What is Magnetic Resonance Imaging (MRI)?
Magnetic resonance imaging (MRI) uses computer-generated radio waves and a magnetic field to create very detailed images of the tissues and organs in your body. Your body goes through a large tube-shaped machine that realigns water molecules in your body via a magnetic field. These aligned atoms produce faint signals through radio waves, that then create cross-sectional MRI images. An MRI machine can also produce a 3D image that can be viewed from different angles.
Magnetic resonance imaging is a non-invasive way to examine organs, tissues, and the skeletal system, providing high-resolution images of the inside of the body. MRIs are most frequently used in the brain and spinal cord to diagnose aneurysms, stroke, spinal cord disorders, multiple sclerosis, brain injury resulting from trauma, tumors, and disorders of the eye and inner ear. A functional MRI of the brain (fMRI) produces images of blood flow to specific areas of the brain.
MRIs can be used for the heart and blood vessels to determine the extent of damage caused by a heart attack or heart disease as well as to check for tumors or abnormalities in many organs in the body. Bone and joint MRIs can help diagnose torn ligaments or cartilage, bone infections, bone tumors, or disc abnormalities.
Is Magnetic Resonance Imaging Medically Necessary?
An MRI can be an invaluable resource to diagnose a patient when an X-ray or CT scan does not provide sufficient information. When a physician determines there is a deeper cause for pain or chronic headaches, an MRI scan can help determine the cause. It can be very difficult to determine an “ideal” treatment for a condition when the physician doesn’t have all the necessary information. Symptoms of chronic pain in a body area along with fever, weight loss, body weakness, or numbness can definitely indicate the necessity for a magnetic resonance imaging test.
Does Insurance Cover Magnetic Resonance Imaging?
Since an MRI can range from $400 to $12,000, it is important that you ask about the cost and determine whether your insurance will pay for the procedure before you have it done. Price can depend on the place of service, your specific health insurance, your location, whether extra medications are required, your provider, and the body part scanned. Some insurers may require pre-authorization for an MRI, while others may require high copays or coinsurance amounts.
An “open” MRI is typically less expensive than a “traditional,” or “closed” MRI. If your doctor orders an MRI scan with contrast, you can also expect it to be more expensive. If you are claustrophobic, you may require a sedative, which will affect the cost of the MRI scan. Neck and brain MRIs are usually the most expensive, although a bone MRI (such as a knee) can run from $410 to $2,100.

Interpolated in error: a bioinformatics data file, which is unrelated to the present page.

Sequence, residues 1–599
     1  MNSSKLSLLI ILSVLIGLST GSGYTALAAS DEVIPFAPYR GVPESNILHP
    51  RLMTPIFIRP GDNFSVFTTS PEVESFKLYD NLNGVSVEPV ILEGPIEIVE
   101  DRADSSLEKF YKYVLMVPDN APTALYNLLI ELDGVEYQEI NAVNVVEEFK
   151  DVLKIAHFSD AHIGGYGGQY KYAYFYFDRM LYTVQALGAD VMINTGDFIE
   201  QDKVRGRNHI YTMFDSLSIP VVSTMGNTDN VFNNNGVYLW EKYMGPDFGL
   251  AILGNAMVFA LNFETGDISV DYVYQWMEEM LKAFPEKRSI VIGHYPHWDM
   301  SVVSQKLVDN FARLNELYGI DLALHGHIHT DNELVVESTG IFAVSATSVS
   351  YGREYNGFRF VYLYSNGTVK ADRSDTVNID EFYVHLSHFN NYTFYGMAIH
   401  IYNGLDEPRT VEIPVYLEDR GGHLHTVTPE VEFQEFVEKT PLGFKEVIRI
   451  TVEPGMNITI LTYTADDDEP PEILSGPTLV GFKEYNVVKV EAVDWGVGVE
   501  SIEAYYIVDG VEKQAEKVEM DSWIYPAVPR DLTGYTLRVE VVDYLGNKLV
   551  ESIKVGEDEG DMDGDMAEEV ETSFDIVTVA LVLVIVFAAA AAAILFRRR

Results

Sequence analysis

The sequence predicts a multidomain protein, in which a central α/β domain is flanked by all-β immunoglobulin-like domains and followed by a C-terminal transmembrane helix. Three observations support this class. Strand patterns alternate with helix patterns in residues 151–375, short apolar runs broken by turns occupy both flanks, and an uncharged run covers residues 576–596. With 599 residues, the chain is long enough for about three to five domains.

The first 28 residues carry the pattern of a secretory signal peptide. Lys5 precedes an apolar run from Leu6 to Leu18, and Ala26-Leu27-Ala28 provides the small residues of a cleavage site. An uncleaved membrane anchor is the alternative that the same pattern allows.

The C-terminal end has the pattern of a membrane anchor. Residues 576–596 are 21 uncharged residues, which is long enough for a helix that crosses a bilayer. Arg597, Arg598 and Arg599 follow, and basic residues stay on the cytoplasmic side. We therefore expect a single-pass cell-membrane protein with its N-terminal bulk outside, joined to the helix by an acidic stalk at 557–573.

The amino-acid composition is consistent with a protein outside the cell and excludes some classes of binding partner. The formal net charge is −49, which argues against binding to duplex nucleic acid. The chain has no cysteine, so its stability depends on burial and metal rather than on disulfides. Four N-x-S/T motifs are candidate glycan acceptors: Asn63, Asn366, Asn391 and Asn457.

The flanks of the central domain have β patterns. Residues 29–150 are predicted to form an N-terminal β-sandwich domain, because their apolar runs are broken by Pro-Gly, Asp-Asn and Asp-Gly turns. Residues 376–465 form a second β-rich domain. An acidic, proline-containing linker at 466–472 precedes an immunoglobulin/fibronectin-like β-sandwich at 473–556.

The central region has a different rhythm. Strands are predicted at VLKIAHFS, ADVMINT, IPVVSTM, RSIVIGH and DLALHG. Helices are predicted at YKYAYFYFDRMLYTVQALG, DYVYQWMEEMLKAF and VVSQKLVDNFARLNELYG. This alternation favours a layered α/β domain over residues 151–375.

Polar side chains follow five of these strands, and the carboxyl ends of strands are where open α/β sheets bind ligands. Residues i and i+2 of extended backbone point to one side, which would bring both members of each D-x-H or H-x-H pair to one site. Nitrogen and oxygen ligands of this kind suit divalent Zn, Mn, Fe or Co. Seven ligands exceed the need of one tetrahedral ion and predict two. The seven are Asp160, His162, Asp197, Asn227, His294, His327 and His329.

Why are Claims for Magnetic Resonance Imaging Denied?
While it is unlikely that your insurer would deny your claim for an MRI scan by saying the procedure is experimental, it may claim the scan is “not medically necessary.” The insurance company may require your physician to first perform x-rays and a CT scan to determine the cause of your medical issue because those tests are much less expensive. If your doctor believes an MRI is necessary, yet your insurer deems it “not medically necessary,” you must contact an experienced magnetic resonance imaging insurance denial lawyer from the Law Offices of Scott Glovsky. Scott and his legal team will be the strong advocate you need to ensure your insurer pays for necessary medical tests.
What Should You Do if Your Coverage for Magnetic Resonance Imaging is Denied?
If your insurer has denied your claim for an MRI, your doctor can contact the insurance company and request that it reconsiders the denial. Your doctor may also make a request to speak with the medical reviewer of the insurance plan as part of a “peer-to-peer insurance review,” to challenge the decision. If none of these steps are successful, it may be time to contact an MRI insurance denial attorney from the Law Offices of Scott Glovsky.
What Insurance Companies May Be More Likely to Deny Magnetic Resonance Imaging?
While any insurer may deny MRI coverage, some companies may be more likely to do so. Anthem Blue Cross, Blue Shield, Health Net, Kaiser, UnitedHealthcare, Aetna, or any other medical insurer may try to deny coverage for an MRI scan. It is essential that you get help to persuade the company to pay for this necessary procedure.
How the Law Offices of Scott Glovsky Can Help
If your insurance company won’t approve MRI testing, it can be extremely beneficial to speak to attorney Scott Glovsky. Scott has experience working on the other side after working in large corporate law firms defending insurance companies in bad-faith lawsuits. This gives him a unique perspective on how large insurance companies think and operate—and allows our firm to stay one step ahead of their legal strategies.
When you choose the Law Offices of Scott Glovsky, you are choosing a firm that is well-respected and has a solid reputation for helping people in the same situation. Attorney Scott Glovsky offers personal, empathetic client attention, along with a commitment to hard work and a successful track record. Following an MRI insurance denial, contact the Law Offices of Scott Glovsky.